I’m think I’m getting the hang of this, although I miss getting out for coffee, meeting friends for dinner, having the freedom to come and go as I please.

I do have my writing which is keeping me connected to “people” in another way. They might not be real, but the characters in my books are constantly talking to me, telling me who they are, what they like and what they dream about. I’ve just finished editing the  draft for Magic Bean Cafe and it will be going to the formatter on Monday. I’m re-reading Once There Was A Tree to send to my editor mid-April and then it’s back to Tipping the Scales and re-working that for a May edit.

The biggest challenge coming up is attending to the last three books in the series. I need to have them sketched out, not only in my mind, but on paper. The thing about a series is that you have to weave in the characters as you go. All my goddesses have shown up on the page in book one. Simon and Ioan were introduced as well. They are the men that will sweep Minerva and Gwen away. Niall has made a couple of appearances and is next on the agenda, giving Lilith a run for her money. I’ve mentioned Tihomir, who will become more visible as time goes on. Dax has made his debut and he’s becoming fleshed out with each scene. I’ve been able to create couples with built in conflict to this point, but there are two men who are underdeveloped. I’m not even sure I know who they are yet.

Let me explain the process I’ll go through to find the answers. I’ll think about the goddess, what kind of life she’s lived, and who might be a good counterpoint. Then I’ll ask questions like what are her triggers, false beliefs, fears, what are the needs that have been compromised by her life experiences. Then try to figure out what kind of conflict will provide the her the best opportunity for growth.

Brigid spent most of her life in foster care. She survived the less-than-stellar experience by writing stories, fairy tales, with happily-ever-after endings. She wants a family, roots and permanence but for as much as she’s bonded with the few people she’s let get close, she’s unable to believe that good things will come to her. What if one of the boys who bullied her when she was younger returns to Eden? Conflict, yes. What if he’s an investigative reporter whose life is now focused on truth, and he has no time for fairy tales? Conflict, yes. Over the next few weeks, I will play with this and see if it works, looking to Gabriel Bresnahan for answers.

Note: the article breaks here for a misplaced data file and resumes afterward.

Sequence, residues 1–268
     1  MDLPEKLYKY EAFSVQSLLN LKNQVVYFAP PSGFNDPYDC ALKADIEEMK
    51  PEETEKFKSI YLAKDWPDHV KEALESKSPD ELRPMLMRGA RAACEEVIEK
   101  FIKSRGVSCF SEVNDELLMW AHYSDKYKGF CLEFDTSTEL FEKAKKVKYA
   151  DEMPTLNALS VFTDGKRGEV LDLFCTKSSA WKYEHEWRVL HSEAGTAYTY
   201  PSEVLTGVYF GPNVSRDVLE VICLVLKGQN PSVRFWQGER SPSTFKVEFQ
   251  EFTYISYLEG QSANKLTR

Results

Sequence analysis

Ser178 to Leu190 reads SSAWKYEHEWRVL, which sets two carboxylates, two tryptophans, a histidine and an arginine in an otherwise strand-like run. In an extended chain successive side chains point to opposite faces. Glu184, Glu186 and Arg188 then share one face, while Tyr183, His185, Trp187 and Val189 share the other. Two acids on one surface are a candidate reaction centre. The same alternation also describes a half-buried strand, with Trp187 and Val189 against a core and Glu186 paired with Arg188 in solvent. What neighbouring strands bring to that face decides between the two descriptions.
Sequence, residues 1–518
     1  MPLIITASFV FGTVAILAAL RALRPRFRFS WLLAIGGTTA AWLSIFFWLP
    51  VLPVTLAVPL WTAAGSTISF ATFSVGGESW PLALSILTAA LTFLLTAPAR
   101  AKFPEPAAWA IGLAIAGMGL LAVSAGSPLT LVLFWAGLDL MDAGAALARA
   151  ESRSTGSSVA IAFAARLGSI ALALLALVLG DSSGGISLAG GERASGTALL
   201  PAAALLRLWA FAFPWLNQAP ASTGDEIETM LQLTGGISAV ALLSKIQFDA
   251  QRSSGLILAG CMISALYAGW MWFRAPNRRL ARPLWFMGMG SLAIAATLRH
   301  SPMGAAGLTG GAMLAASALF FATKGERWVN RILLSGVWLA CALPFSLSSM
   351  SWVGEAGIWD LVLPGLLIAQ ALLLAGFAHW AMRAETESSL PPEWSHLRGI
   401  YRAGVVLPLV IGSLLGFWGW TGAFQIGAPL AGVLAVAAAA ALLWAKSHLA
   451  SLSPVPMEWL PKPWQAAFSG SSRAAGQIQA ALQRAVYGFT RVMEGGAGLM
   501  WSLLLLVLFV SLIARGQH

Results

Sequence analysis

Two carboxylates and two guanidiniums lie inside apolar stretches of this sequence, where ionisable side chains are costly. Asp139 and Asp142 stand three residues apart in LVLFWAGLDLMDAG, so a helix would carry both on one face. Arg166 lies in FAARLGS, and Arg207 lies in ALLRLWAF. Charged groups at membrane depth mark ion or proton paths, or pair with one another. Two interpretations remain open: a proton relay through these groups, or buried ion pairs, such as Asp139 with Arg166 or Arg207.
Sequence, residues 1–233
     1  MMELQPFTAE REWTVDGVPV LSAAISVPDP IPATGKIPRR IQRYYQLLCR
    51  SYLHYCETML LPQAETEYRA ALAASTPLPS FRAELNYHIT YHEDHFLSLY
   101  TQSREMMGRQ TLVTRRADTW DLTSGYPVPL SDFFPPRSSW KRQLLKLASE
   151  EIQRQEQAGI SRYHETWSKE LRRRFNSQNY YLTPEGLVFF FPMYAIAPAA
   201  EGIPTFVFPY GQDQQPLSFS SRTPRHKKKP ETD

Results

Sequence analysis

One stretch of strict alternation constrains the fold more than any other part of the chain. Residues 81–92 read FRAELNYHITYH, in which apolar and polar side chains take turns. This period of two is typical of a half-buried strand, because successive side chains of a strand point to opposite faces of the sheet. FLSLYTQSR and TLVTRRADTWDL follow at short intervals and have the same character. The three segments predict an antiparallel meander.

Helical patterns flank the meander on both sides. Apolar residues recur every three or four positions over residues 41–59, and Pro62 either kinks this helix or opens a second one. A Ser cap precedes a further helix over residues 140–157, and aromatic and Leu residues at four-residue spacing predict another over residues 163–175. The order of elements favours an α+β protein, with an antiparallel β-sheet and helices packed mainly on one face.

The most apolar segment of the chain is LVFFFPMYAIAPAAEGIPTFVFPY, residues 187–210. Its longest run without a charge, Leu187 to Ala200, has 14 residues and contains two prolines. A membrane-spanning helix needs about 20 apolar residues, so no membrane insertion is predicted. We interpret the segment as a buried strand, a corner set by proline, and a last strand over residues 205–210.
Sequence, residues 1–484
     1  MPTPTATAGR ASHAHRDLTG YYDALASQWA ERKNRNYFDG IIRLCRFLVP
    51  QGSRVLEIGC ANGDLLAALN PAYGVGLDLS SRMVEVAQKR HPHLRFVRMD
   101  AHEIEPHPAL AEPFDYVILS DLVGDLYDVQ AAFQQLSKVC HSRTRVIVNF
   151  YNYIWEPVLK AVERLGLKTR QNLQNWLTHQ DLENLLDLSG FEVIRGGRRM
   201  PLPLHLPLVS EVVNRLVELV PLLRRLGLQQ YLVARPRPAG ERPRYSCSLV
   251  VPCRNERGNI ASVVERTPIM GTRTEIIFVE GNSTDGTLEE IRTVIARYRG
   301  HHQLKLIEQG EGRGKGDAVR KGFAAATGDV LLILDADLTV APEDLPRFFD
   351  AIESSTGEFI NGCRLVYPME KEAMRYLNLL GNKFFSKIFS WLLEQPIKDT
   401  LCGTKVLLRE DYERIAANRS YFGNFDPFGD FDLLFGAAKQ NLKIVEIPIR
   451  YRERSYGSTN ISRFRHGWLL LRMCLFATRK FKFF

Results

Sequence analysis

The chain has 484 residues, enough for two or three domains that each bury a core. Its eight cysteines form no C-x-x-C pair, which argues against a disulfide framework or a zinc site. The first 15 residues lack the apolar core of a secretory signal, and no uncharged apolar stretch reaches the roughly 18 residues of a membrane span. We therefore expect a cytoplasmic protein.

And how about Cerridwen? She was trapped underground during a archaeological dig, and thought she was going to die. She left the field and is now working as a forensic specialist, dealing with a different kind of dead. Should the man who caused the cave-in show up? Conflict, yes. Should she be assigned a case where the body was trapped in a similar way as she was, but died as a result. Or should the corpse be in a confined space, one she’s not willing to enter for fear she’ll be unable to breathe? Conflict, yes. Will someone on her team help her get through it or will it be the man who’s returned to haunt her? Will she fight him, believing he’s incompetent and can’t be trusted, or learn that he’s changed due to the accident and is now a better man? Ioan brings a Kurd to Eden and there’s a possibility it’s his brother that caused the collapse… this one is still a work in progress.

It’ll be interesting to see who emerges for Breet and Cerri. They’re strong and resilient and will need men who can appreciate who they are and what they bring to the world. It’s my job to make that happen.


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